So certainly, from that perspective, I think the Vatican would say they've accomplished what they wanted to do, which is come here and try to encourage the people here in a path for peace.

Now on the point of whether the pope risked his moral authority by not mentioning the Rohingya crisis, the Vatican spokesman yesterday said to us that he rejected that criticism, that he said the pope will not -- his moral authority would not be diminished and he said further, let's see what he does in Bangladesh.

And of course in Bangladesh, where we'll be going in about an hour's time, the pope is due on Friday to meet with a group of Rohingya refugees -- Isha.

SESAY: All right, Delia Gallagher, traveling with the pope, who's currently in Myanmar about to make his way to Bangladesh, appreciate it, thank you.

VAUSE: The biggest name in Brexit television in the U.S. has been fired. NBC's Matt Lauer accused of sexual harassment on Monday, gone without a trace by Wednesday. But questions remain about what management there may have known long before now.





VAUSE: Welcome back, everybody, NEWSROOM live from Los Angeles. I'm John Vause.

SESAY: And I'm Isha Sesay. The headlines this hour:


VAUSE: New allegations of sexual misconduct by a top U.S. journalist Matt Lauer have been emerging just hours after NBC News abruptly fired him for, quote, "inappropriate sexual behavior in the workplace."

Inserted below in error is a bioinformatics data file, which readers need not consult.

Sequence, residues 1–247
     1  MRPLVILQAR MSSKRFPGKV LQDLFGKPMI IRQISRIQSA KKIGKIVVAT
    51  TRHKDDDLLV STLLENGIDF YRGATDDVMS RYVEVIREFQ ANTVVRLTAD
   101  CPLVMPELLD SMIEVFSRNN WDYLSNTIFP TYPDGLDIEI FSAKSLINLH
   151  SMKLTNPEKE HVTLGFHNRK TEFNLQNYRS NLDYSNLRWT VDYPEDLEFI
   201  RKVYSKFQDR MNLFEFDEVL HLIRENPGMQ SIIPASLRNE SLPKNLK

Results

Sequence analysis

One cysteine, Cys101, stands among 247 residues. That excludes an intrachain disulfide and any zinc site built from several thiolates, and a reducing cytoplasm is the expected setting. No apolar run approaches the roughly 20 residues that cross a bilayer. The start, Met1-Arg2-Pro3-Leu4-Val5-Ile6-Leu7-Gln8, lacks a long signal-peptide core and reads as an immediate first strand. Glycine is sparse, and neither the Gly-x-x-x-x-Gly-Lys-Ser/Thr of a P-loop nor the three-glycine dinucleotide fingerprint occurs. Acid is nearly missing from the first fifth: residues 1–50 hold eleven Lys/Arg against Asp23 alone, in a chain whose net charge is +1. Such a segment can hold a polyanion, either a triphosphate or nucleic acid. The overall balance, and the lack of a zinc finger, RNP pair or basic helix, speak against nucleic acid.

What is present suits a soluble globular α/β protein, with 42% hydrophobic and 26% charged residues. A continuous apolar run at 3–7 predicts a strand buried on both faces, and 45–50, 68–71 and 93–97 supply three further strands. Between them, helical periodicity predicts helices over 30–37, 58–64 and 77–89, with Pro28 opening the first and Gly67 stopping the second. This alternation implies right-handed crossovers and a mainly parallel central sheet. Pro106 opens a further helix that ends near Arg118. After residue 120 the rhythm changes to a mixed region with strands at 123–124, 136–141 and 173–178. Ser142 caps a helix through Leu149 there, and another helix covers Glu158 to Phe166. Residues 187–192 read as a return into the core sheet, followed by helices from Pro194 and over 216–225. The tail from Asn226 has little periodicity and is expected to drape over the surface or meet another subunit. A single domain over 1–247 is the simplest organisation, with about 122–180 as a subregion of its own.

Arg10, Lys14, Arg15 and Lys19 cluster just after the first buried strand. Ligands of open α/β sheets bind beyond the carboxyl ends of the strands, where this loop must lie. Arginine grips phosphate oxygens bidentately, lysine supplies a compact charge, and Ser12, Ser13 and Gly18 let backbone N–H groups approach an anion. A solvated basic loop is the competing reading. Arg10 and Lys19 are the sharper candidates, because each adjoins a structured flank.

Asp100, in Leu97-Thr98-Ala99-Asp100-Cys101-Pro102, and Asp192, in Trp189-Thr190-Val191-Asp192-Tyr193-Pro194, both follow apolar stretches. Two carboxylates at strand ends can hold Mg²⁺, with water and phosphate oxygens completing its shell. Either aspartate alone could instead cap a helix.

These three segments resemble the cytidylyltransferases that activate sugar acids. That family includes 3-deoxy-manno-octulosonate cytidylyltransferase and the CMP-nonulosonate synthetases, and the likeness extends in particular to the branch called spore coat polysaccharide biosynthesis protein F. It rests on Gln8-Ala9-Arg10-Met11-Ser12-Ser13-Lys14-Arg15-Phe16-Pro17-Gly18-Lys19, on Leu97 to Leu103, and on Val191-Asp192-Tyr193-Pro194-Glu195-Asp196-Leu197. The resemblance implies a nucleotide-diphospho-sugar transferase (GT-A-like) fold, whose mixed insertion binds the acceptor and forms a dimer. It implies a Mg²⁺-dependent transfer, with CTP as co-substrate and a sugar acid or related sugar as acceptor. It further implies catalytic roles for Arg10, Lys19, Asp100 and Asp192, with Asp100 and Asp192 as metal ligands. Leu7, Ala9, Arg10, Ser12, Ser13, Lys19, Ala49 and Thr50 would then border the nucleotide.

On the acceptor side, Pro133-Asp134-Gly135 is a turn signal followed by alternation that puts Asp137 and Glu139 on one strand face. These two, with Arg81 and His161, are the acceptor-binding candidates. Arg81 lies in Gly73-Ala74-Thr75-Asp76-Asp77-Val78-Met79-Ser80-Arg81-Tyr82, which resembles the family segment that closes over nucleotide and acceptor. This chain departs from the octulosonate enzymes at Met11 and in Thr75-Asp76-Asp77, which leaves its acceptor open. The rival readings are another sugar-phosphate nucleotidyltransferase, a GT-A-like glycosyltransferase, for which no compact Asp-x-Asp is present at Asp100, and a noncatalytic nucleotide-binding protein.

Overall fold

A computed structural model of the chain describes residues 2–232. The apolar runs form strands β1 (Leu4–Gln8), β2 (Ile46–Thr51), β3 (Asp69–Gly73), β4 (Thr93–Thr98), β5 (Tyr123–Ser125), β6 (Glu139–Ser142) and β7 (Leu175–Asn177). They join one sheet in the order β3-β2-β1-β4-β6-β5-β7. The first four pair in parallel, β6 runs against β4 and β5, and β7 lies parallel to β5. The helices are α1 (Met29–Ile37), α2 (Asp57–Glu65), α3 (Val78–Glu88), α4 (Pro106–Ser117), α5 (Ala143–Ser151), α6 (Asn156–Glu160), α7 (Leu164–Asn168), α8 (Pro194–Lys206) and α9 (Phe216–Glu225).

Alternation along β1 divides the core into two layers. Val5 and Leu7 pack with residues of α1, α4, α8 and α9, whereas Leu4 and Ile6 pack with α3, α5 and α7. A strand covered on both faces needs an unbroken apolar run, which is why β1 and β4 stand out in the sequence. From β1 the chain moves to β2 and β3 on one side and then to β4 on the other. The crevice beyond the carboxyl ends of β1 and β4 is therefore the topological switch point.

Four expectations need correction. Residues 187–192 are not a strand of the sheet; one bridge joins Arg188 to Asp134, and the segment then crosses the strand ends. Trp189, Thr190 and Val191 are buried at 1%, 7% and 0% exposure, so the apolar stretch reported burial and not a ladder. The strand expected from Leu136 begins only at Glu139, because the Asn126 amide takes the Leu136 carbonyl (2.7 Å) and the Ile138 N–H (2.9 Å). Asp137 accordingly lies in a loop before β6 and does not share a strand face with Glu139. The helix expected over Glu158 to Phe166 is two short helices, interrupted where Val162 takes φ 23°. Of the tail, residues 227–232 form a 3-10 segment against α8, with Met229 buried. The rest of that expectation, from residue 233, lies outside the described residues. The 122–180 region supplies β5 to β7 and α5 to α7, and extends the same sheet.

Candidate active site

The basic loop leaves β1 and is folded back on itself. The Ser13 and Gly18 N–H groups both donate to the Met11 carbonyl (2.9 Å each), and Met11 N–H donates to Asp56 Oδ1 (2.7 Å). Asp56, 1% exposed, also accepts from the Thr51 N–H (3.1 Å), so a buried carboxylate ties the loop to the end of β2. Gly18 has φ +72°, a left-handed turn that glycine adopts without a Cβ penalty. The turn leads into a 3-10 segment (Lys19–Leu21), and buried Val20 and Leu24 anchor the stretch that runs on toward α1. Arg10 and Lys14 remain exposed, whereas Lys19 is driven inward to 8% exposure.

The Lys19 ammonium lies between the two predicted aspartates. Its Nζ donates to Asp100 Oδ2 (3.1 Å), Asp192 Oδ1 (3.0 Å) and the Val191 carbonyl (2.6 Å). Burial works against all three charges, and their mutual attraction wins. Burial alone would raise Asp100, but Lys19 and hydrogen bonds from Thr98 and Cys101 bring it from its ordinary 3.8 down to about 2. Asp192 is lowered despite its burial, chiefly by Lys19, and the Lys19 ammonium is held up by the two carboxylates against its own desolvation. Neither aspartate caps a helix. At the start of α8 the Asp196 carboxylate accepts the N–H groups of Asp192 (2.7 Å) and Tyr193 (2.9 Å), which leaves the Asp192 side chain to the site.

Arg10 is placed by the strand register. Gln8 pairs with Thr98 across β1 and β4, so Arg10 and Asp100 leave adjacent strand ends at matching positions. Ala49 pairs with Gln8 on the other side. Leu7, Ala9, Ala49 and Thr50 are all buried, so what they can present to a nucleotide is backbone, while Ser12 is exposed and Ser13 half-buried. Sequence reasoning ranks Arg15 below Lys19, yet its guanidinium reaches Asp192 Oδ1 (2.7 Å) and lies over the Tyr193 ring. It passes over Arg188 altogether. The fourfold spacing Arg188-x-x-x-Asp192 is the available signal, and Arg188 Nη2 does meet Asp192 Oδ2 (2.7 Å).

SESAY: Lauer is the latest personality to be disgraced by a sexual scandal. He's making tens of millions of dollars a year and was one of the network's stars on his highly rated morning show before his dismissal on Wednesday. Our Brian Stelter has more.



UNIDENTIFIED FEMALE (voice-over): Good morning, breaking news overnight. Matt Lauer has been terminated NBC News.

BRIAN STELTER, CNNMONEY SENIOR MEDIA CORRESPONDENT (voice-over): Matt Lauer fired from NBC News for what the network calls "inappropriate sexual behavior in the workplace."

New bombshell allegations breaking tonight. After a two-month investigation, three women telling "Variety" magazine they were harassed by Lauer. One says the veteran "Today" show anchor gave her a sex toy and detailed how he wanted to use it on her.

Another employee says he exposed himself in his office and reprimanded her for not engaging in a sexual act.